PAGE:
To the Editors:

The political situation in Spain today requires no elaborate explanation for anyone who has been a newspaper reader within the last thirty years. The basic facts of Spanish political life have remained the same since the Republic was defeated in 1939—no authentic political parties and no meaningful dissent. The wonder is that after a generation of repression and police terror there are still thousands of men and women willing to risk fines, imprisonment, and even torture to voice their outrage at the continued military occupation of their own country. The latest demonstration of this outrage comes from 300 Catalan professionals, intellectuals and artists, who for three days last December assembled at the Monastery of Montserrat outside Barcelona in order to protest the Summary Court Martial imposed on sixteen Basque activists.

There have been other protests before in Spain—student and worker demonstrations, strikes, and even marches through the streets of Barcelona by priests—but the Assembly of Montserrat marks a new departure. The Assembly has not simply issued another manifesto, which we are reproducing below, but has formed itself into a permanent organization committed to working publicly and openly for the goals outlined in the Manifesto. They are determined to confront as a united group all forms of police repression which may fall upon them or any other group in Spain.

Needless to say this repression has already begun. Most of the 300 members of the Assembly have been fined in amounts ranging from $200 to $1,000 each. Most of them have thus far refused to pay these fines and can expect more severe reprisals in the immediate future. Given the impoverished condition of most intellectuals and workers in Spain, there is an urgent need for funds so that the Assembly can carry on its struggle and extend its protest to other parts of the country. They are asking us to share in this struggle.

Readers who wish to contribute may do so in the following way:

(1) Purchase from your local bank a “New York Draft” for the amount you wish to contribute,

(2) Have the draft made out to: Josep Benet, Account No. 60-24736-6,

(3) Send the draft by registered airmail (receipt requested) to:

Banco Popular Español

Paseo de Gracia, 17

Barcelona, Spain

William Watson

Noam Chomsky

MIT, Cambridge, Massachusetts

The Assembly of Montserrat Manifesto

As Catalan intellectuals gathered in the Abbey of Montserrat in a permanent assembly, we believe it our duty to declare our opinion about the very serious political and social situation created by the Court-Martial against sixteen militants of the organization ETA, accused of fighting for socialism and for the rights of the Basque People. In the present state of affairs, we declare that:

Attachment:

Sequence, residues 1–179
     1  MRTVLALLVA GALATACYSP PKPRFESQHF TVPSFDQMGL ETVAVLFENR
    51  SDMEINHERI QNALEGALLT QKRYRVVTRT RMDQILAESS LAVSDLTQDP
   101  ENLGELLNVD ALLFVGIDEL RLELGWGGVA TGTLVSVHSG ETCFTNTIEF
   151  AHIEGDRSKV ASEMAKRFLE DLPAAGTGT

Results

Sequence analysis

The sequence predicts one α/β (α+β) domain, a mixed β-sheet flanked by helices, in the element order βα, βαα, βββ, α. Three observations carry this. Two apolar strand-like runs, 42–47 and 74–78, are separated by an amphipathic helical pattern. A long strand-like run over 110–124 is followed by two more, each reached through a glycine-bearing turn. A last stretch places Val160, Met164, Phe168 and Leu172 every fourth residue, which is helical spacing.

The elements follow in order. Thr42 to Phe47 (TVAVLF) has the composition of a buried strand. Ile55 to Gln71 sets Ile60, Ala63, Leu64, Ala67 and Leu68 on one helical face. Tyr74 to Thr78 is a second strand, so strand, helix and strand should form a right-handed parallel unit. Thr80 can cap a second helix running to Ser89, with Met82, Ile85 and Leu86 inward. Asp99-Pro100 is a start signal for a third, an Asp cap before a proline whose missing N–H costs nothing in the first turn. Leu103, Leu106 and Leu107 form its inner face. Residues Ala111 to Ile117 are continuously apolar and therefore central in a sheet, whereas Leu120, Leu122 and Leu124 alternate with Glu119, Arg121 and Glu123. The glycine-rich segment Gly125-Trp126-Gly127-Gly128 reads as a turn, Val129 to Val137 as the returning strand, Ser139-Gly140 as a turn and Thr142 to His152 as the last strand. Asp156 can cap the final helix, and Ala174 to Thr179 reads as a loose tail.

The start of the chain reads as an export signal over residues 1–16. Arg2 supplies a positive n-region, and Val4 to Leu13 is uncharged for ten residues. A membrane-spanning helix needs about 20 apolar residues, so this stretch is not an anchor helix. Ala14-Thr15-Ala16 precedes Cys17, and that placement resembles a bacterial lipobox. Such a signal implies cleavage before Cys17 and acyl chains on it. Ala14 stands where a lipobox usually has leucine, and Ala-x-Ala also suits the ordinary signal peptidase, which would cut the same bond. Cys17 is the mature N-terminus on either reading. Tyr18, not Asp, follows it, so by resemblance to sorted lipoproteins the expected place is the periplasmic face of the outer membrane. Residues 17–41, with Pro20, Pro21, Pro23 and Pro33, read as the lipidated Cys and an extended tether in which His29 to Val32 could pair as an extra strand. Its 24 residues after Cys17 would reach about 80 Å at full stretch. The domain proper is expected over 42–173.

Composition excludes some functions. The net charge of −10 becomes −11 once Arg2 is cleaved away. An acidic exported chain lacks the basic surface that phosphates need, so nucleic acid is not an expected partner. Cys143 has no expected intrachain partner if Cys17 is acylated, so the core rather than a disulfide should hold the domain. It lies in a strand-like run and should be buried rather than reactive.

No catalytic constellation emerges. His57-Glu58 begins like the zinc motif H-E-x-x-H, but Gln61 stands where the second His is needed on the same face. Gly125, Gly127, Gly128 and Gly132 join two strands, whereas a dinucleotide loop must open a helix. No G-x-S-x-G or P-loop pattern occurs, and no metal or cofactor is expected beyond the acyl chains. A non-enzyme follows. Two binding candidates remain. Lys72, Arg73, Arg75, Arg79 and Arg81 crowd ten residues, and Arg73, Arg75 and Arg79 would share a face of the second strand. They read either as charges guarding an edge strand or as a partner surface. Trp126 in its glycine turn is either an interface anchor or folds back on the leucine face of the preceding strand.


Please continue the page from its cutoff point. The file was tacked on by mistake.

1) The repressive legislation begun over thirty years ago in Spain, during the Civil War, is still in force against all democratic opinion and action.

2) Under the present regime, the political and social activities which in any democratic state are considered legitimate and even constitute the elemental rights of all citizens are converted into offenses.

3) Physical and moral torture, well-known and continuously denounced, are still practiced by the police.

4) The rights of the communities and nations which today form the Spanish State are ignored and repressed in the name of a mythical Spanish Unity; this is an essential principle of the constitutional law of the Spanish State.

Considering these facts, we cannot accept the application of the extremely severe verdict demanded by the Court-Martial in Burgos.

We denounce the information channels of the Government—Radio Nacional de España, Televisión Española, and Cifra Agency—who systematically conceal and distort the information. Since there is no freedom of expression, we are forced to manifest our opinion by means of this document.

Together with the civil lawyers of the defense, we reject the trial of Burgos and, at the same time, we manifest our solidarity with the movements of protest which are taking place at home and abroad.

Secondly, we demand that the following measures be immediately taken:

1) That none of the decisions taken by the Court-Martial of Burgos be carried out.

2) A general amnesty for all those in prison or in exile for political reasons.

3) The abolition of the “Terrorism and Banditry Law” and other extraordinary jurisdictional courts.

4) The abolition of the death penalty.

5) The founding of a truly representative state, which guarantees democratic freedoms and rights, including the right of self-determination of the communities and nations which are under the Spanish State.

Finally, we manifest our solidarity and fraternity with the Basque People and their aspirations, which are ours.

Montserrat, December 13, 1970

This Issue

July 22, 1971